Washington: Vice-President Mike Pence chided China at an Asian summit, saying the US offers countries in the region “a better option’’ for economic and diplomatic relations than Beijing’s heavy-handed approach.
“Do not accept foreign debt that could compromise your sovereignty,’’ Pence said Saturday during a speech to the Asia-Pacific Economic Cooperation CEO summit in Papua New Guinea, according to prepared remarks.
“We don’t drown our partners in a sea of debt," he said. “We don’t coerce, corrupt, or compromise your independence. The US deals openly and fairly – and we don’t offer a constricting belt or a one-way road."
The implicit reference to Chinese President Xi Jinping’s Belt and Road Initiative came as Pence neared the end of his week-long swing through Asia, with his aides characterizing Saturday’s speech as the capstone of his trip. Pence is representing Donald Trump at the summits, after the president opted not to attend — becoming the first US head of state to skip the marquee Asian conferences since 2013.
Addressing APEC shortly after Xi spoke, Pence criticized China for “opaque’’ and debt-ridden infrastructure loans, forced technology transfers and intellectual property theft and militarization of the South China Sea.
Pence said the US will partner with Papua New Guinea and Australia on a joint maritime initiative at Lombrum Naval Base on Manus Island.
“We will continue to fly and sail wherever international law allows and our national interests demand,’’ he said. “Harassment will only strengthen our resolve.’’
Xi Jinping earlier took several jabs at Trump’s approach to foreign policy and trade. The Chinese leader said that globalization with a rules-based international order would protect global growth, while isolation and protectionism would cause more problems. He warned against confrontation in the form of a trade war or Cold War.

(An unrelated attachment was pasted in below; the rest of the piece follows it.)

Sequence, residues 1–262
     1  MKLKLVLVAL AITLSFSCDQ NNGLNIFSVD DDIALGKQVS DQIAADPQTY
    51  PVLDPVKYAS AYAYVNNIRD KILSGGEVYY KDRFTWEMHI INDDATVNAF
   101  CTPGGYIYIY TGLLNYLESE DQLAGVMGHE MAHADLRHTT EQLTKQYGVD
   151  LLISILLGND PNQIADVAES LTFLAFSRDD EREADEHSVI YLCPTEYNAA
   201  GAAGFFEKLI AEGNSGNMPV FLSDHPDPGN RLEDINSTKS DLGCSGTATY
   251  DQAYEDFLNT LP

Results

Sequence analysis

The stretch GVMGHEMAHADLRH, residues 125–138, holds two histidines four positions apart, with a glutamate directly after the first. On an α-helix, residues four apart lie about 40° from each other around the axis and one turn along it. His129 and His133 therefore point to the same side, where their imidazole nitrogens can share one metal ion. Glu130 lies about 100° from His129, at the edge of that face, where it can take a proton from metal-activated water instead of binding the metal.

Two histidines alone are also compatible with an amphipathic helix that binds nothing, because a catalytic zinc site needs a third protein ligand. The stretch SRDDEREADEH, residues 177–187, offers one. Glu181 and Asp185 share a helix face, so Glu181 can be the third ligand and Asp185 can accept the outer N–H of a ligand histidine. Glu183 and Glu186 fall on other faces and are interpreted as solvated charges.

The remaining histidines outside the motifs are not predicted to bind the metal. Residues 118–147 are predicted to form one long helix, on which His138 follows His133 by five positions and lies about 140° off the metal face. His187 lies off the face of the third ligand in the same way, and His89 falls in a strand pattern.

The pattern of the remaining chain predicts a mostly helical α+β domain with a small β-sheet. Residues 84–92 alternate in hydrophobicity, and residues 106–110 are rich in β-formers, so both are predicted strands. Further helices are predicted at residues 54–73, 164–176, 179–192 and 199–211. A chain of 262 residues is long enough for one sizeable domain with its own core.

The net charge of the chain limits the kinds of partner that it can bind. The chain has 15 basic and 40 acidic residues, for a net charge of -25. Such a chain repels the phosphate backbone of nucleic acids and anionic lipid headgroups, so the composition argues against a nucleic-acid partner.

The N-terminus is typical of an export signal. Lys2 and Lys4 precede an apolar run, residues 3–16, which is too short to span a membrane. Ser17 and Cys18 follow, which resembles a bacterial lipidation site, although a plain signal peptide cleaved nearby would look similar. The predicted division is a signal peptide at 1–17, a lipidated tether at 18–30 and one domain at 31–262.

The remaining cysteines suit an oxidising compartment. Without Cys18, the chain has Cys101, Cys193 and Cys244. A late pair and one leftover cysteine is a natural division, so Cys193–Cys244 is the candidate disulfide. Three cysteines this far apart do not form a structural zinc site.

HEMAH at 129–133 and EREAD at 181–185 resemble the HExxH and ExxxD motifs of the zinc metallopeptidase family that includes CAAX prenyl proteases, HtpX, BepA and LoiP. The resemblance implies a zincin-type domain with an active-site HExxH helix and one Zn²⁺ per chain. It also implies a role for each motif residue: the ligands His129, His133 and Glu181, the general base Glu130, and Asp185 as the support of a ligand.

Xi defended the Belt and Road Initiative, saying it “is not a trap as some people have labelled it.’’
Xi and Trump are set to meet in two weeks during the G-20 summit in Buenos Aires, a face-to-face laden with high stakes as the US and China try to settle the escalating trade war.
Pence sought to reassure countries he said are concerned that the dispute “will hurt the region economically.’’ He said the US was working to improve relations with Beijing, and pointed to Trump’s upcoming meeting with Xi as an opportunity for progress.
“We believe that progress could be made between our two nations, even as the United States remains in a strong position," Pence said.
During his speech, Pence also announced a few new initiatives aimed at showing U.S. commitment to the region.
He announced the Indo-Pacific Transparency Initiative, a good government programme that he said would be backed by $400 in US funding. He also highlighted Exxon Mobil’s investment in Papua New Guinea and said he would make an announcement on Sunday about a “historic initiative that will transform Papua New Guinea’s future.’’
This story has been published from a wire agency feed without modifications to the text. Only the headline has been changed.